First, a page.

Tuesday Jan 19, 2010

Using OpenSSO with Microsoft Geneva Server

I just posted MICROSOFT® “GENEVA” SERVER AND SUN OPENSSO: ENABLING UNPRECEDENTED COLLABORATION ACROSS HETEROGENEOUS IT ENVIRONMENTS. This paper (written by another) focuses on Sun OpenSSO Enterprise and Microsoft Geneva Server — specifically, on their common support for the Security Assertion Markup Language (SAML) federation standard as a basis for interoperability. The paper:
  • Presents an overview of solutions and capabilities, both individual and interoperable solutions.
  • Describes the business benefits of interoperability between the two.
  • Shares detailed use cases demonstrating proven interoperability in real-world federation scenarios.
But before you leave, it's not Geneva, it's Vienna by Utravox.

Thursday Jan 14, 2010

Evaluating OpenSSO Entitlements Using REST

This is part three of a four part series on the OpenSSO REST interfaces for the Entitlements Service. Part one is Authenticating for the OpenSSO Entitlements Service REST Interfaces, part two is Listening for the OpenSSO Entitlements Service Using REST, and part four is Managing OpenSSO Entitlements Using REST.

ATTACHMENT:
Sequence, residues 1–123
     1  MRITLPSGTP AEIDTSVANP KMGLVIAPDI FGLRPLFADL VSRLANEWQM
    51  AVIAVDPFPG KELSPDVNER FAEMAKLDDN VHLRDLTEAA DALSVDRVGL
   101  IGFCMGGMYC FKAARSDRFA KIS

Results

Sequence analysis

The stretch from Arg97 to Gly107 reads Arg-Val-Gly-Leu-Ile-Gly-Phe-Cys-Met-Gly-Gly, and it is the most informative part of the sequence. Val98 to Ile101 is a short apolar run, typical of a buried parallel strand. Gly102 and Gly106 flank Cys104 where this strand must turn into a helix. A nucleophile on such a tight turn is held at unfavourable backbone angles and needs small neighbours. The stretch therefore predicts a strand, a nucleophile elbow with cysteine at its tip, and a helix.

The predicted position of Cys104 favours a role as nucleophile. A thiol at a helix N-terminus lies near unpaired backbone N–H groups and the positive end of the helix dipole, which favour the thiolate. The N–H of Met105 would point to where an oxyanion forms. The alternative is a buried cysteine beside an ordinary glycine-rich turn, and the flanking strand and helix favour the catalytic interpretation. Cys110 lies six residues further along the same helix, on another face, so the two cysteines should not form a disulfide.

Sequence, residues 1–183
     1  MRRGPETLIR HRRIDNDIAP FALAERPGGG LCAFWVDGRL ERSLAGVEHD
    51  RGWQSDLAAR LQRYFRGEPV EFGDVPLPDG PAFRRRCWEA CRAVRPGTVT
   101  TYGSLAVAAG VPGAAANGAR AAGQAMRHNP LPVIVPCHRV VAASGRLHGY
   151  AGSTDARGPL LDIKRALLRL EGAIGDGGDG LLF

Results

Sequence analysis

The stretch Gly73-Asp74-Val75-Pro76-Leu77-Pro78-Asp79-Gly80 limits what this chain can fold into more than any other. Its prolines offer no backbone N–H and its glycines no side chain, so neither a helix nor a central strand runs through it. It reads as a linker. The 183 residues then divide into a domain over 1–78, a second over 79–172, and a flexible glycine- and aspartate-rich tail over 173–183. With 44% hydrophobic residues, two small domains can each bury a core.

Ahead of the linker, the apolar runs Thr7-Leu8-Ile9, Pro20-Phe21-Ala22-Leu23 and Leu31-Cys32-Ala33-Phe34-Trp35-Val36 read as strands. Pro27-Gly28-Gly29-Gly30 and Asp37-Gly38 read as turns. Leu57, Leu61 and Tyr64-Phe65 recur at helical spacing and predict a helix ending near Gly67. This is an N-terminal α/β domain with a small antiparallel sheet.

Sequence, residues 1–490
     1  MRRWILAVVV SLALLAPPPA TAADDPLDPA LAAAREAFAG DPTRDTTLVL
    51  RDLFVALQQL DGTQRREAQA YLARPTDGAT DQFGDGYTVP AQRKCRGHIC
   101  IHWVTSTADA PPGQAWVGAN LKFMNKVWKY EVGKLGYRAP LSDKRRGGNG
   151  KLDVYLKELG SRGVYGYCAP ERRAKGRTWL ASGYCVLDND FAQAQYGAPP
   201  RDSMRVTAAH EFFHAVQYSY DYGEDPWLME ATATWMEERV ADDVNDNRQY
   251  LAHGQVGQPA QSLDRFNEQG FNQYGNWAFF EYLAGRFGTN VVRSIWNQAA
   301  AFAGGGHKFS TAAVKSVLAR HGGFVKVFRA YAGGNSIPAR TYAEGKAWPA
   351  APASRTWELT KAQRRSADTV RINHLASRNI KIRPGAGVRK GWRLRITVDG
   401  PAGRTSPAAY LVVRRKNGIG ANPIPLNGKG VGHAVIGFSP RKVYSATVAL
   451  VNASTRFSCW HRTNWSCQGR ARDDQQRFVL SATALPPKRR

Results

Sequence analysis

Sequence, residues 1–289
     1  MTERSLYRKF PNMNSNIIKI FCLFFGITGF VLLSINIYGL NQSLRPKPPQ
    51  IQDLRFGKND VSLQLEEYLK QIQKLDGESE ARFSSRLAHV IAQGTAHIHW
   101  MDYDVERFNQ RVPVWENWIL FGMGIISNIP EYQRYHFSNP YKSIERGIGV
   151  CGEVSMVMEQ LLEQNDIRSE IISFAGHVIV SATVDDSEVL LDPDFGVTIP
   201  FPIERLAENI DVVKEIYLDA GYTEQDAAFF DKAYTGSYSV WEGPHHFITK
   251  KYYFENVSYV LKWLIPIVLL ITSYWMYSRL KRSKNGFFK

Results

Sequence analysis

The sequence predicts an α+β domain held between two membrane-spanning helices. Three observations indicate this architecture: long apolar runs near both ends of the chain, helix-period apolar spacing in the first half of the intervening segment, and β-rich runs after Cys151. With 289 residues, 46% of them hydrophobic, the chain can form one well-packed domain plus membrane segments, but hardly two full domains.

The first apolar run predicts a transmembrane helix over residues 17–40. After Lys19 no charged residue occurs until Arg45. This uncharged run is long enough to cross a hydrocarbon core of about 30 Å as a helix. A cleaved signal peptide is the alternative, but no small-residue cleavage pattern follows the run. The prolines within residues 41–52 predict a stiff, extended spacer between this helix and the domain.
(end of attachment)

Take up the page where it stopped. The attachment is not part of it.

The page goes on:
With the upcoming release of OpenSSO Express 9, REST interfaces in the form of URLs have been developed to evaluate policies and return decisions from the Entitlements Service. All of the policy evaluation interfaces support HTTP GET and POST actions, and some of them return JavaScript Object Notation (JSON) objects.

The policy evaluation URLs begin with the base which is appended with a specific string based on the action desired. One or more parameters are then added based on the information required by the action. The format of the OpenSSO REST policy evaluation URL is:

http://OSSO-host:OSSO-port/opensso/ws/1/entitlement/OpenSSO-REST-string?parameter1=value1&parameter2=value2&parameterN=valueN

The available policy evaluation interfaces (which replace OpenSSO-REST-string in the URL) are decision, entitlement, decisions, and entitlements. If the value of the parameters (value1, value2, ..., valueN) contains unsafe characters, they need to be URL encoded when forming the REST URL. For example, an equal sign (=) needs to be replaced with %3D or an ampersand (&) needs to be replaced with %26.

NOTE: Prior to making a call using one of these RESTful interfaces, the subject must authenticate to OpenSSO and get a session token identifier. The SHA1 hashed value of this token.id then needs to be base64 encoded and used as input for these REST URLs. See Authenticating for the OpenSSO Entitlements Service REST Interfaces for more information.

The following sections contain more information.

Evaluating a Decision for One Resource

The decision interface returns a plain text string of deny or allow in regards to a request for access. The URL may be populated with the following information.
  • subject defines the requesting user using the URL encoded value of the encoded token.id.
  • action defines the action to be evaluated.